The thin line between self-imitation and artistic progression is a hard one to toe. Finding the balance between the your early artistic work and the exciting new future that could open your endeavors up to new people. Norma Jean remains one of the few artists in the metalcore scene that has shown consistency in accomplishing this task. 2019’s All Hail at one point seemed like it would be an appropriate but untimely end to a band that has maintained dominance for nearly two decades in their scene. Time will tell if Deathrattle Sing for Me ends up being the bands’, well, death rattle, but if it is, it will end up being one of their most brutal and unforgiving albums. There is both freedom and range in the instrumentation, at times sparse, quiet, and foreboding, at other times punishing and devastating (the end of “Spearmint Revolt” being one of the heaviest speaker shattering moments I’ve ever heard). Lead vocalist Cory Branan matches this attitude with lyrics that unleash his full critical eye towards naysayers. “Prisons and graveyards are filled with heads that wore the crown”, he growls before unleashing his rage. Perhaps this is a warning spoken from experience, a final statement from one of the most prominent acts in the genre. If so, it’s one that will ring out for years to come.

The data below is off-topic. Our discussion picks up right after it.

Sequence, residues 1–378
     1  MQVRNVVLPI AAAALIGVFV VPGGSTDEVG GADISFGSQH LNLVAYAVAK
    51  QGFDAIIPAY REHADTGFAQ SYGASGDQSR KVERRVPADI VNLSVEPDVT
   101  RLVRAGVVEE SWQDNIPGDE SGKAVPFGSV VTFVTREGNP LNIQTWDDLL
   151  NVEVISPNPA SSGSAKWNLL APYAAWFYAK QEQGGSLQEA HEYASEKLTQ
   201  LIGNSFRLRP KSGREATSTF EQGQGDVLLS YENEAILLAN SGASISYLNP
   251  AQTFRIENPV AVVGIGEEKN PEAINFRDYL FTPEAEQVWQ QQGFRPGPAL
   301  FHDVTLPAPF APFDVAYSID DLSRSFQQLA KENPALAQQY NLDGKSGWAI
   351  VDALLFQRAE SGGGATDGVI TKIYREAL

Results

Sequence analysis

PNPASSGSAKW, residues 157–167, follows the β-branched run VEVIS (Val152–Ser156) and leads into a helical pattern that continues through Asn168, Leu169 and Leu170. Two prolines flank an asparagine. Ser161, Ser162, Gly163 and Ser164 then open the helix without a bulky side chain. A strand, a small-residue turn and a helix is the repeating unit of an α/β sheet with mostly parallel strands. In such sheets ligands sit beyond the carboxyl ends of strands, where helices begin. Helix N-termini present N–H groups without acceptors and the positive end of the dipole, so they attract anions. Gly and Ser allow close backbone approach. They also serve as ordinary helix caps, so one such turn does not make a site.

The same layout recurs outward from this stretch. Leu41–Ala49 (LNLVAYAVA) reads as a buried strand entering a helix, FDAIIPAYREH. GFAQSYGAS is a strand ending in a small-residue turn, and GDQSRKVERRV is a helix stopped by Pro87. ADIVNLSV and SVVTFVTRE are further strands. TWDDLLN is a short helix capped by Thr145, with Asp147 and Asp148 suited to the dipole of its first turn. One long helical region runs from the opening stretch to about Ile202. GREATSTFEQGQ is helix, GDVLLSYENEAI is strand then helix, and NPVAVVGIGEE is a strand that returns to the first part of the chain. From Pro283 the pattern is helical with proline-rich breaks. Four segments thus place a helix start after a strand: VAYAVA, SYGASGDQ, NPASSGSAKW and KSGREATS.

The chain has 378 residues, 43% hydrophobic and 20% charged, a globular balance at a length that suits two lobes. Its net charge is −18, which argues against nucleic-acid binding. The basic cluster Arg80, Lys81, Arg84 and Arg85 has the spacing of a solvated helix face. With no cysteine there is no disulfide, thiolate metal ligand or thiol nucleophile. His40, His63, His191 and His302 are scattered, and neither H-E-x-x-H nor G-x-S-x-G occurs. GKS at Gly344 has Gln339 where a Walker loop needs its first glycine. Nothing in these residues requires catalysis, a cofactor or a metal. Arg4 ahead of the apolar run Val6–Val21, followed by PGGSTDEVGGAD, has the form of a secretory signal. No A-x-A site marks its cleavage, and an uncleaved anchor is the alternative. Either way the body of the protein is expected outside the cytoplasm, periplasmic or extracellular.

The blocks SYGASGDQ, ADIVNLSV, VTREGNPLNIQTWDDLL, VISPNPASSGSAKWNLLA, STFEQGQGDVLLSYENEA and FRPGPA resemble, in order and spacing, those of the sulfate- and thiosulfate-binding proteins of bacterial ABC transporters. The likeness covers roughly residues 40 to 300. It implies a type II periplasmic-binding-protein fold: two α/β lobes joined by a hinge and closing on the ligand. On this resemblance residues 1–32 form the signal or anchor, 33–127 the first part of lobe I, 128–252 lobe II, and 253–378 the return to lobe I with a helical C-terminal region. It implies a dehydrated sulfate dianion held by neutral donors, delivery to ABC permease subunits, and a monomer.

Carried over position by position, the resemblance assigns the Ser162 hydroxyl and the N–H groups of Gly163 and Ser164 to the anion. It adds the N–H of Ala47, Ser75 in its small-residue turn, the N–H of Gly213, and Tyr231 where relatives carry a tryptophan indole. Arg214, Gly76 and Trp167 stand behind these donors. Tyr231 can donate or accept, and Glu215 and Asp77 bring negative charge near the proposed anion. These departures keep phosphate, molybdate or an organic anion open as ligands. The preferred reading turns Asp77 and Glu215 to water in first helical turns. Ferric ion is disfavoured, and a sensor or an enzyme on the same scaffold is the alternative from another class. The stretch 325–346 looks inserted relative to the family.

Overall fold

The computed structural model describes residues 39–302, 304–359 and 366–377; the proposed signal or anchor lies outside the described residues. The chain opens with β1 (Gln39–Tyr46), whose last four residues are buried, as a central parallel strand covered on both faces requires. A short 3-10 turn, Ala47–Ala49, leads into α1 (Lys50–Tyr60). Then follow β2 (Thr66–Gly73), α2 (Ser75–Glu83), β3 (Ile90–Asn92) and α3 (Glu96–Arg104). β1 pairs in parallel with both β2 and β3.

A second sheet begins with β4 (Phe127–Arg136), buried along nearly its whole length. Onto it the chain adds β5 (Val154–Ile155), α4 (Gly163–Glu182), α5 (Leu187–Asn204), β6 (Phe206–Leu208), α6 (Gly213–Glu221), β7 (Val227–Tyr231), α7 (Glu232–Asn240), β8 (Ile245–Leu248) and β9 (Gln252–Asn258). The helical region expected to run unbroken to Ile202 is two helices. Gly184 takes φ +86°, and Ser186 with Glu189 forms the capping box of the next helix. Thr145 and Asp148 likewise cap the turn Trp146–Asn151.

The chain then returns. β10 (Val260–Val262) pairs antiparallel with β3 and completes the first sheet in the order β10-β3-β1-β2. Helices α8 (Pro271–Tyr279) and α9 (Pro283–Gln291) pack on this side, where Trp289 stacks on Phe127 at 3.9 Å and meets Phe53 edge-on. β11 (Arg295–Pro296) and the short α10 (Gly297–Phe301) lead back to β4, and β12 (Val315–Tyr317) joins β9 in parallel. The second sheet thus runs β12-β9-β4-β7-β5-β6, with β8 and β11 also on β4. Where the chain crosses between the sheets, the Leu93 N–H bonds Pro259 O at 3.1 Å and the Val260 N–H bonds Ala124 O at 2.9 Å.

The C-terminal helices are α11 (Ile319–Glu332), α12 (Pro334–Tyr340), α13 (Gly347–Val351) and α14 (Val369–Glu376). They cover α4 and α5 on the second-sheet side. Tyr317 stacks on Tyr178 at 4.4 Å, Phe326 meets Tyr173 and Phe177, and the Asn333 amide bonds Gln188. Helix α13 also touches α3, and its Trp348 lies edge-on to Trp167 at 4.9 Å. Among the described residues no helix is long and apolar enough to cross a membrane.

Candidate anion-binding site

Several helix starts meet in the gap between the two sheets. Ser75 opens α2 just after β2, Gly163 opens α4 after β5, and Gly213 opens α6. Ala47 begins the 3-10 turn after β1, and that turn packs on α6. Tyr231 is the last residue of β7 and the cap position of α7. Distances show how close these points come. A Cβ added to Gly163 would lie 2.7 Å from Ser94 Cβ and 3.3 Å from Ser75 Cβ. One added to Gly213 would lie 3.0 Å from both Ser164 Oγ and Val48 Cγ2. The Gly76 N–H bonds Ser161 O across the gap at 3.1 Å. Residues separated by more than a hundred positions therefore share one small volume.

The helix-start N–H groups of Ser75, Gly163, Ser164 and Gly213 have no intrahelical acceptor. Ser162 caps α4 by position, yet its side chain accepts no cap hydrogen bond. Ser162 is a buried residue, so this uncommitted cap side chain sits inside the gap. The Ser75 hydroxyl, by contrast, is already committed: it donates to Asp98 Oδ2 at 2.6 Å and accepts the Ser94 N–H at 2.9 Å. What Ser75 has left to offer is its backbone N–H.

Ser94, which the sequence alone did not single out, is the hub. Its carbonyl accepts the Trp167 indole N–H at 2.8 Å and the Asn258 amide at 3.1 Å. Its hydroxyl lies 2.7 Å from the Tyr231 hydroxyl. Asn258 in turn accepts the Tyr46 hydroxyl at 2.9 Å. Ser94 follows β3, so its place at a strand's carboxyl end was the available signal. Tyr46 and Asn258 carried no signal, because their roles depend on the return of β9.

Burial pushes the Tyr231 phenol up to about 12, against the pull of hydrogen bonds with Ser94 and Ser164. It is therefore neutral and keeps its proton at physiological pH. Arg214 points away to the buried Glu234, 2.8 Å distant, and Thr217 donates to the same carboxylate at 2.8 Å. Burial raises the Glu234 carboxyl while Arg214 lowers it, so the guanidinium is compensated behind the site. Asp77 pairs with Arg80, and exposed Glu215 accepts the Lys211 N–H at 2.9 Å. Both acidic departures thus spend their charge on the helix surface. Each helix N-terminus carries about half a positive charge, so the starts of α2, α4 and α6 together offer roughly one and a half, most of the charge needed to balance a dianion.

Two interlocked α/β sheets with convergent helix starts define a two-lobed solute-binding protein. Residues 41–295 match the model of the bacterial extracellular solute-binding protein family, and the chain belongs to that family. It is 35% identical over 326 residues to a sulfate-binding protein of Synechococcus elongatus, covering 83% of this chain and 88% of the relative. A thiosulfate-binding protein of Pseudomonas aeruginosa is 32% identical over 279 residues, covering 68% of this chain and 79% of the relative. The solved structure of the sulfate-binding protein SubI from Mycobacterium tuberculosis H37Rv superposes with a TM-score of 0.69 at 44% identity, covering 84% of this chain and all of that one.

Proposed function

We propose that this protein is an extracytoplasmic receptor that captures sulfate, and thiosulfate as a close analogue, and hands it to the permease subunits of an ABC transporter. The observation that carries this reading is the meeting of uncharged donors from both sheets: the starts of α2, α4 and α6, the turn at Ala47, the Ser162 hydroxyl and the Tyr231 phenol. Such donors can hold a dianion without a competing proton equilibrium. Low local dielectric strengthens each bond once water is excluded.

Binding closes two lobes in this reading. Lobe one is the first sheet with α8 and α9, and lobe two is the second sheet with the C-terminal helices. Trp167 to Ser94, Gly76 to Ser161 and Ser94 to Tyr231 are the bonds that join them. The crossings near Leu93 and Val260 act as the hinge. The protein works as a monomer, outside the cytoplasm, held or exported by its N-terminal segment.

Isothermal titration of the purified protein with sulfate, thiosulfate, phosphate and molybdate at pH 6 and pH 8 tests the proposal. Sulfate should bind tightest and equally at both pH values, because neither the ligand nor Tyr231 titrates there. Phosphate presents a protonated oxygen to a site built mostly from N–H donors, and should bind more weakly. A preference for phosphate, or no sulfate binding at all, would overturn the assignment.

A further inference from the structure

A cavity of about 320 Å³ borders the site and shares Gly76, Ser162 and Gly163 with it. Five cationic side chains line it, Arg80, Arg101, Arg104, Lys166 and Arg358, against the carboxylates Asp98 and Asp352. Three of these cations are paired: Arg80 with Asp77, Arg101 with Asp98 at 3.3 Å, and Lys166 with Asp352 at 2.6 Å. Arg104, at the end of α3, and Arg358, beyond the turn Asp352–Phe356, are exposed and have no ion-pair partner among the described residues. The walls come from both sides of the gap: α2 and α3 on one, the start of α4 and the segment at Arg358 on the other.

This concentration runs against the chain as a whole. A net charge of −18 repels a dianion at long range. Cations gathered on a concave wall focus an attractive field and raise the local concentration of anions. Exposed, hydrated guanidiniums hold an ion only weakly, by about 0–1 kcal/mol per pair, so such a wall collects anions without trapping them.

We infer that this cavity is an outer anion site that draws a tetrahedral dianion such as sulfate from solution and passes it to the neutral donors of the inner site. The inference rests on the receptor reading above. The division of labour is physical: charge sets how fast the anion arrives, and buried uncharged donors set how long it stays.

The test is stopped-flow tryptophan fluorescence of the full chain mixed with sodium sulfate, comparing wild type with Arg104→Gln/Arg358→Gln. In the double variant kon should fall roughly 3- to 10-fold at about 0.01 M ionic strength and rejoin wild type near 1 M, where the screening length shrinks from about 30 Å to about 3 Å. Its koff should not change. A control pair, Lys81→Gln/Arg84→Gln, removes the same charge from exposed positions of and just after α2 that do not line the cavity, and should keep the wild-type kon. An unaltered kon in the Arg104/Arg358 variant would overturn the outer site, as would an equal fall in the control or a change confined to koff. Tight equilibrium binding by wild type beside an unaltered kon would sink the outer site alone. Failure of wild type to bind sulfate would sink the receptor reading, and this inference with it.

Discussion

Check my review and pictures of Norma Jean in concert here.